In early 2014 the Shanxi province started allowing minors to apply for the change with the additional information of their guardian’s identification card. This shift in policy allows post-surgery marriages to be recognized as heterosexual and therefore legal.
Transgender youth in China face many challenges. One study found that Chinese parents report 0.5% (1:200) of their 6 to 12-year boys and 0.6% (1:167) of girls often or always ‘state the wish to be the other gender’. 0.8% (1.125) of 18- to 24-year-old university students who are birth-assigned males (whose sex/gender as indicated on their ID card is male) report that the ‘sex/gender I feel in my heart’ is female, while another 0.4% indicating that their perceived gender was ‘other’. Among birth-assigned females, 2.9% (1:34) indicated they perceived their gender as male, while another 1.3% indicating ‘other’.
The Court of Final Appeal of Hong Kong ruled that a transsexual woman has the right to marry her boyfriend. The ruling was made on 13 May 2013.
On 16 September 2013, Eliana Rubashkyn a transgender woman claimed that she was discriminated and sexually abused by the customs officers, including being subjected to invasive body searches and denied usage of a female toilet, although Hong Kong officers denied the allegations. After being released, she applied for and was granted refugee status by the United Nations High Commissioner for Refugees (UNHCR), rendering her effectively stateless awaiting acceptance to a third country.
Main article: LGBT rights in India § Transgender rights
In April 2014, the Supreme Court of India declared transgender to be a 'third gender' in Indian law. The transgender community in India (made up of Hijras and others) has a long history in India and in Hindu mythology. Justice KS Radhakrishnan noted in his decision that, "Seldom, our society realizes or cares to realize the trauma, agony and pain which the members of Transgender community undergo, nor appreciates the innate feelings of the members of the Transgender community, especially of those whose mind and body disown their biological sex", adding:
Non-recognition of the identity of Hijras/transgender persons denies them equal protection of law, thereby leaving them extremely vulnerable to harassment, violence and sexual assault in public spaces, at home and in jail, also by the police. Sexual assault, including molestation, rape, forced anal and oral sex, gang rape and stripping is being committed with impunity and there are reliable statistics and materials to support such activities. Further, non-recognition of identity of Hijras /transgender persons results in them facing extreme discrimination in all spheres of society, especially in the field of employment, education, healthcare etc.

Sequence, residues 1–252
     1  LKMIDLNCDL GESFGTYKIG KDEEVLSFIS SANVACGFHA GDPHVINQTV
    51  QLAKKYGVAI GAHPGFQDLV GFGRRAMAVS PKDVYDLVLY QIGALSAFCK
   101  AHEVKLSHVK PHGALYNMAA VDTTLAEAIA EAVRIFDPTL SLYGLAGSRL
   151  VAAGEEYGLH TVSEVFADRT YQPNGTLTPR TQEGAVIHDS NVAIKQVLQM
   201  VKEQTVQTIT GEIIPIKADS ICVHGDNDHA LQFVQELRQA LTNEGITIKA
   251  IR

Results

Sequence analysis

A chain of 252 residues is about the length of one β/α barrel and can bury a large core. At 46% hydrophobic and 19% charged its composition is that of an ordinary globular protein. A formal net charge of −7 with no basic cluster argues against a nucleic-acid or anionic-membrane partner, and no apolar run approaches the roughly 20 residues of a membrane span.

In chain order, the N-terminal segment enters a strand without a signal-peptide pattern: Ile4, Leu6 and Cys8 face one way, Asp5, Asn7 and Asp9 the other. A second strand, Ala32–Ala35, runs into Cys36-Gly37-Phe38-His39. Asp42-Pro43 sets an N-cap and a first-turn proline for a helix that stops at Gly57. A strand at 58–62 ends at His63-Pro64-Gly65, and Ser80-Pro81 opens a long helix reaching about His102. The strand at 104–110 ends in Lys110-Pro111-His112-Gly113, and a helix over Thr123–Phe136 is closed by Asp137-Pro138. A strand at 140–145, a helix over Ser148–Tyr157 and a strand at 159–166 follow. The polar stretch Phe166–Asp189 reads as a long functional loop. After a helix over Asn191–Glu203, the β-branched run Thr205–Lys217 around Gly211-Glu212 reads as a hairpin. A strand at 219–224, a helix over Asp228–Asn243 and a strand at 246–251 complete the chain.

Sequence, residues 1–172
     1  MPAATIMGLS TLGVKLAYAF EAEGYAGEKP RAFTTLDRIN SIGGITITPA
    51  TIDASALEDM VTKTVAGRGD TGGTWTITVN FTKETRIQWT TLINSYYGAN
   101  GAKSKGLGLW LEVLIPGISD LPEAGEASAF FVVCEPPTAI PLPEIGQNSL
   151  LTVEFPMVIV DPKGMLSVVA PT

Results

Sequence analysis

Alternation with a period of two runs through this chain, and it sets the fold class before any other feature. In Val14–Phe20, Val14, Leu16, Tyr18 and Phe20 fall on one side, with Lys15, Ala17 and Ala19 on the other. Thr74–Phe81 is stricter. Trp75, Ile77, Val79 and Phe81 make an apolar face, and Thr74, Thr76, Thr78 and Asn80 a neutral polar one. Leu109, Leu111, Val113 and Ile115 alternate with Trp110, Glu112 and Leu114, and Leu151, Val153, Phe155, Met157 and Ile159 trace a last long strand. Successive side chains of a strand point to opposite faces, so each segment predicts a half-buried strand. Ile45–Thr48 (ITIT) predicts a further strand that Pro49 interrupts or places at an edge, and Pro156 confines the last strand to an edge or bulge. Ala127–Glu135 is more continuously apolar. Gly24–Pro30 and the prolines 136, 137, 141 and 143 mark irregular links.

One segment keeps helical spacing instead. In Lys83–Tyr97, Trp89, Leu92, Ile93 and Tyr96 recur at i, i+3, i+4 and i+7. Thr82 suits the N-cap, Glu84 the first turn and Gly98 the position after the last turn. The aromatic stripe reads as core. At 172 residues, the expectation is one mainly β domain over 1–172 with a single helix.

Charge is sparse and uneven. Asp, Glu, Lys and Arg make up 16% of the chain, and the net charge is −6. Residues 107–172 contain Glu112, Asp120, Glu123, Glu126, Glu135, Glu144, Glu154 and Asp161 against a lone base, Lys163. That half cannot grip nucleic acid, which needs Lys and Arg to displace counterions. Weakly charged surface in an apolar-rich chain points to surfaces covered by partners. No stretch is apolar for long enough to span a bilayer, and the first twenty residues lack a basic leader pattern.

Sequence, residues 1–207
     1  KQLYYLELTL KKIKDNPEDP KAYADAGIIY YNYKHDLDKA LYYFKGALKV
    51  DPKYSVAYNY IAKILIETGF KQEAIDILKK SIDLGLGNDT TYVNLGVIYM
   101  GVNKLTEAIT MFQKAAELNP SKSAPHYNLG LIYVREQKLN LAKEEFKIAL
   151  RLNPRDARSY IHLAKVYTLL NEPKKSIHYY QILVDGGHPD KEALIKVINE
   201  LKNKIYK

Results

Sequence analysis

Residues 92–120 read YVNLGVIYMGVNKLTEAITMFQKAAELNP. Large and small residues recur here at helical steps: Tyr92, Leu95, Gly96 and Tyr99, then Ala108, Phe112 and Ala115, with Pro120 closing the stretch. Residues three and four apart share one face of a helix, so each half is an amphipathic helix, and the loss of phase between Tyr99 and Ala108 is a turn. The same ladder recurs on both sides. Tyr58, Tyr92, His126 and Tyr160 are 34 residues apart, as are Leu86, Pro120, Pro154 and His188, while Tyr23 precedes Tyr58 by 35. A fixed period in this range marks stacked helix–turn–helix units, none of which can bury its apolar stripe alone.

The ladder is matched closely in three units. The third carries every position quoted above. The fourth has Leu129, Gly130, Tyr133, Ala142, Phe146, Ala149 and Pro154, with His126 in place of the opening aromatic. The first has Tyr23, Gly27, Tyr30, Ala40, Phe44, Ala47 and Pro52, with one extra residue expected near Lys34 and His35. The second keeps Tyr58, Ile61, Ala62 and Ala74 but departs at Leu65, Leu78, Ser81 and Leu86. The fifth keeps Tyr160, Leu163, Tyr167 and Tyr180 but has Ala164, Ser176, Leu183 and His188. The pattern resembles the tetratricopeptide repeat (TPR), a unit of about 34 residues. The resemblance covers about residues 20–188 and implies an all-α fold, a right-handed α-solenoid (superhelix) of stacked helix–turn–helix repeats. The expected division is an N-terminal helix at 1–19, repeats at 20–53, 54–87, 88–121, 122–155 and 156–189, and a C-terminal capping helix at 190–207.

Hijras/transgender persons face huge discrimination in access to public spaces like restaurants, cinemas, shops, malls etc. Further, access to public toilets is also a serious problem they face quite often. Since, there are no separate toilet facilities for Hijras/transgender persons, they have to use male toilets where they are prone to sexual assault and harassment. Discrimination on the ground of sexual orientation or gender identity, therefore, impairs equality before law and equal protection of law and violates Article 14 of the Constitution of India.
Main article: Transsexuality in Iran
Beginning in the mid-1980s, transgender individuals were officially recognized by the government and allowed to undergo sex reassignment surgery. As of 2008, Iran carries out more sex change operations than any other nation in the world except for Thailand. The government provides up to half the cost for those needing financial assistance, and a sex change is recognised on the birth certificate.
Main article: LGBT rights in Japan § Transgender issues